Atom Age Vampire – Lure of the Mad Surgeon

Before we get into discussing Atom Age Vampire (aka Seddok – Heir of Satan), which will be screening at the New Beverly Cinema on January 31, let’s make a distinction: the mad surgeon or medical science-fiction trend in the horror film is a much more narrowly defined subgenre than that of the mad scientist. There can be some overlap, as we shall see in some of the titles that both influenced Atom Age Vampire and in a plethora of movies that followed it. But mad surgeon films almost always have a more plausible premise than mad scientist sagas – sometimes just barely. Mad scientists invariably have all kinds of outlandish schemes up their sleeves, from reanimation of the dead – James Whale’s 1931 Frankenstein to Stuart Gordon’s 1985 Re-Animator – to world domination and/or destruction – from James Whale’s The Invisible Man and Fritz Lang’s Testament of Dr. Mabuse, both from 1933, to just about any 1960s spy action entry, starting with Terence Young’s 1962 Bond picture, Dr. No, to the multitude of tongue-in-cheek American and Euro knockoffs that followed in its wake.

 

Atom-Age-Vampire-Seddock

 

On the contrary – beginning with films like The Hands of Orlac (the 1925 silent Conrad Veidt version, the 1936 remake Mad Love with Peter Lorre and the 1960 version with Mel Ferrer and Christopher Lee), dealing with the transplant of a murderer’s hands onto the mangled arms of a concert pianist, and the Island of Dr. Moreau (the 1932 masterpiece Island of Lost Souls with Charles Laughton, the decent Terror is a Man from 1959 to the comparatively inferior Moreau remakes in 1977 and 1996, respectively), where a narcissistic genius transforms different species of mammals into human beings through skin grafts and gene splicing – the mad surgeon movie hews closer to the realm of the possible, however improbable.

 

Brain-That-Wouldnt-Die

 

For some reason, mad surgeon themes of plastic surgery, youthful rejuvenation through blood or gland replacement, and the transplantation of faces, limbs, organs and even heads came into box office favor starting in the late 1950s and early 1960s. There are quite a few examples of the head transplant movie, with notable ones being the creepy, atmospheric German The Head (1959), the incomparable gore/sleaze exploitationer The Brain That Wouldn’t Die (1962) and the gonzo combo of The Incredible Two-Headed Transplant (1971) with Bruce Dern (!) and The Thing With Two Heads (1972), directed by the infamous Lee Frost and co-starring Rosey Grier and Ray Milland (!).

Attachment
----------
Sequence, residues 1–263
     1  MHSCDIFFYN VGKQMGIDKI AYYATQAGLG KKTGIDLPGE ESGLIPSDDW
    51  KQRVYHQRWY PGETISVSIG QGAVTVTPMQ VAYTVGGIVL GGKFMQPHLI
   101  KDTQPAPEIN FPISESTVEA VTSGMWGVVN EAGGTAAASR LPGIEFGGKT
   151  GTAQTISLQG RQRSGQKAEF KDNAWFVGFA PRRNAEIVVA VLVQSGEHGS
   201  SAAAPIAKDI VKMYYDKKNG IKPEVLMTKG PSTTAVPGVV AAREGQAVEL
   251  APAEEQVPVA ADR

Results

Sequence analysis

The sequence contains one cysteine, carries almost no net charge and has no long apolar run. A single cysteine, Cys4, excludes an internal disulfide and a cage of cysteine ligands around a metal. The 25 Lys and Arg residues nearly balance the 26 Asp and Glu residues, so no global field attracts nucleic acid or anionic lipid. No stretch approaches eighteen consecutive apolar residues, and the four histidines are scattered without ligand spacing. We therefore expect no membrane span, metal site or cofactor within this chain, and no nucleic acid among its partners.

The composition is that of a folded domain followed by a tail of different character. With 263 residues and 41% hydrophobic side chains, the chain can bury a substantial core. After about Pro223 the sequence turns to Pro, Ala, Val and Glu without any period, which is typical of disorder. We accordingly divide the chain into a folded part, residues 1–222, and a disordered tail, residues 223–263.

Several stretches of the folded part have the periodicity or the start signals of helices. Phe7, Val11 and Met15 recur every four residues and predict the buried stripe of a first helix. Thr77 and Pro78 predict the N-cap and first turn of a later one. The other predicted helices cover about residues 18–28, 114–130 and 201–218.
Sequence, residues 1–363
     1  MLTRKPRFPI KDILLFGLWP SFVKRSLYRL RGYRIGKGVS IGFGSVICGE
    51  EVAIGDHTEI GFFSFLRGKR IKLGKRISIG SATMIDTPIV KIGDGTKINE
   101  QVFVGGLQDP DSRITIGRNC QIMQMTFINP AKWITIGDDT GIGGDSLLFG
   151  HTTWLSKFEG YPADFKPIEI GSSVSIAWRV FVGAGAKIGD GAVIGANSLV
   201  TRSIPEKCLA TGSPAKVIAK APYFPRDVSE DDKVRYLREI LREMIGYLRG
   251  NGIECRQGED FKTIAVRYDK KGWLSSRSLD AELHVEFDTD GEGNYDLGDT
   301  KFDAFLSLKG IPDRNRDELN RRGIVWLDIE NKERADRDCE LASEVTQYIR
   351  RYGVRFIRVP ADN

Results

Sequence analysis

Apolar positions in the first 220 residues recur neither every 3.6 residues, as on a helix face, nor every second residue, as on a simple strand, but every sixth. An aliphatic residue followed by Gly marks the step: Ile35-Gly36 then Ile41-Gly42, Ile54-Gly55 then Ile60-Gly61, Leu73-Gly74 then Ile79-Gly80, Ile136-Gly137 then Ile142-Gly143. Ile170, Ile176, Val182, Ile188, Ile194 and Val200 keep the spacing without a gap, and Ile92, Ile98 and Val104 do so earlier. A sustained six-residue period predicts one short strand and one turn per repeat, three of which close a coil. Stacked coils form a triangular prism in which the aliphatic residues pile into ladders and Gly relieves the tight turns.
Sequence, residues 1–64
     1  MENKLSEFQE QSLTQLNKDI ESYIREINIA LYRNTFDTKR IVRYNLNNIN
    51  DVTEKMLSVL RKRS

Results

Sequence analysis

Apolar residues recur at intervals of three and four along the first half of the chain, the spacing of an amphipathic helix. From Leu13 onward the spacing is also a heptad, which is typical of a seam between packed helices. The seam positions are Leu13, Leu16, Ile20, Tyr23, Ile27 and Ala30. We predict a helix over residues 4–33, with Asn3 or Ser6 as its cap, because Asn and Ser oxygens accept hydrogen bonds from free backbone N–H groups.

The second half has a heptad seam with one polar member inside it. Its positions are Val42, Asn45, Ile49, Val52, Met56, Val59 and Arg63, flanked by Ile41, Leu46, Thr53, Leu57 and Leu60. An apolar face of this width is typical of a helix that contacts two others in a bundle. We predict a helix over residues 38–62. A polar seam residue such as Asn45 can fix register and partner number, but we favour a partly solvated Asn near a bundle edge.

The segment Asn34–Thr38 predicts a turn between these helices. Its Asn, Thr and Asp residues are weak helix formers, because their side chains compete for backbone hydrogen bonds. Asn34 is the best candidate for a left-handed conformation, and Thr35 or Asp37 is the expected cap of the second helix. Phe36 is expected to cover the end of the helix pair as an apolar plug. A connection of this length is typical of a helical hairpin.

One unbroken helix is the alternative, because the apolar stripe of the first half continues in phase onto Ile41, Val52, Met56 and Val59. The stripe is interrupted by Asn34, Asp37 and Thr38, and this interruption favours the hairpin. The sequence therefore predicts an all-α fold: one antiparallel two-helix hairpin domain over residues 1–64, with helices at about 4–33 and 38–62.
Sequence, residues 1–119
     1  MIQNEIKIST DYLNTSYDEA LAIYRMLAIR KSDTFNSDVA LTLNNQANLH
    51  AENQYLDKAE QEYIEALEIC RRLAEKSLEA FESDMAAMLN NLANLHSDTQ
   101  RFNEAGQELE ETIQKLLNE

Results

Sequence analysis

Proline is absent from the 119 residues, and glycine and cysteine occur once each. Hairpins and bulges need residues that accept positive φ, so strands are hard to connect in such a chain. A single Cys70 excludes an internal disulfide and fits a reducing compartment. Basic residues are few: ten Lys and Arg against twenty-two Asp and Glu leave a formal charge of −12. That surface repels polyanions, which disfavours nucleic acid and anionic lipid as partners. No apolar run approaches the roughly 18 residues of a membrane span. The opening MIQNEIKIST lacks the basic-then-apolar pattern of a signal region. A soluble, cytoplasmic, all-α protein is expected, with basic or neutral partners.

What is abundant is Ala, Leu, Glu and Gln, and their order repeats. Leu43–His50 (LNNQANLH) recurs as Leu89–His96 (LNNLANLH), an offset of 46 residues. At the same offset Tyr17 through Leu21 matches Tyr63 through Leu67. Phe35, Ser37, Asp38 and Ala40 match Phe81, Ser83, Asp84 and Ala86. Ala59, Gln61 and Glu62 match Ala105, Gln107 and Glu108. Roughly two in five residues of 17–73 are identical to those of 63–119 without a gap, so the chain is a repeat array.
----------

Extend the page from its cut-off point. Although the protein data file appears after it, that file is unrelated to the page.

Eyes-Without-A-Face

 

One film was, without question, the progenitor of the mad plastic surgeon craze – Georges Franju’s Eyes Without a Face, shot in 1959 and released in France in the spring of 1960. Based on a novel by Jean Redon, producer Jules Borkon purchased the rights, convinced the European horror boom initiated by UK’s Hammer Films was only just beginning. Although his director of choice, Georges Franju, had a long string of acclaimed documentaries under his belt since the late 1940s, he had only lensed one other fictional movie, Head Against the Wall (1958), about a teenage boy wrongly committed to an asylum. Warned by producer Borkon and conscious of the tightrope they would have to walk not only because of French censors, but those in lucrative export markets such as the UK and Germany as well, Franju instructed his assistant director Claude Sautet (director of such noir classics as Classe Tous Risque, 1960) to prepare a rough draft of the screenplay. He then brought in the writing team of Pierre Boileau and Thomas Narcejac, who had co-written novels made into films by Henri-Georges Clouzot, Les Diaboliques (1955), and Alfred Hitchcock, Vertigo (1958), to do a polish on the script. The pedigree of Franju’s film collaborators was impeccable and also included cinematographer Eugene Schuftan, who had worked on Fritz Lang’s Metropolis (1927). Schuftan would subsequently win the Best Cinematography Oscar for Robert Rossen’s The Hustler (1961), as well as shoot Rossen’s Lillith (1964) and Jack Garfiein’s Something Wild (1961). Composer Maurice Jarre went on to compose music for Franju’s story of upper class patriarchal spousal abuse, Therese Desqueyroux (1962) with Emmanuelle Riva, but most spectacularly became one of David Lean’s favorite composers, scoring Lawrence of Arabia (1962), Dr. Zhivago (1965), Ryan’s Daughter (1970) and Passsage to India (1984). Jarre also did the stirring score for Visconti’s The Damned (1969) about the violent collapse of a wealthy, decadent German munitions family during WW2.

 

Horror-Chamber-of-Dr-Faustu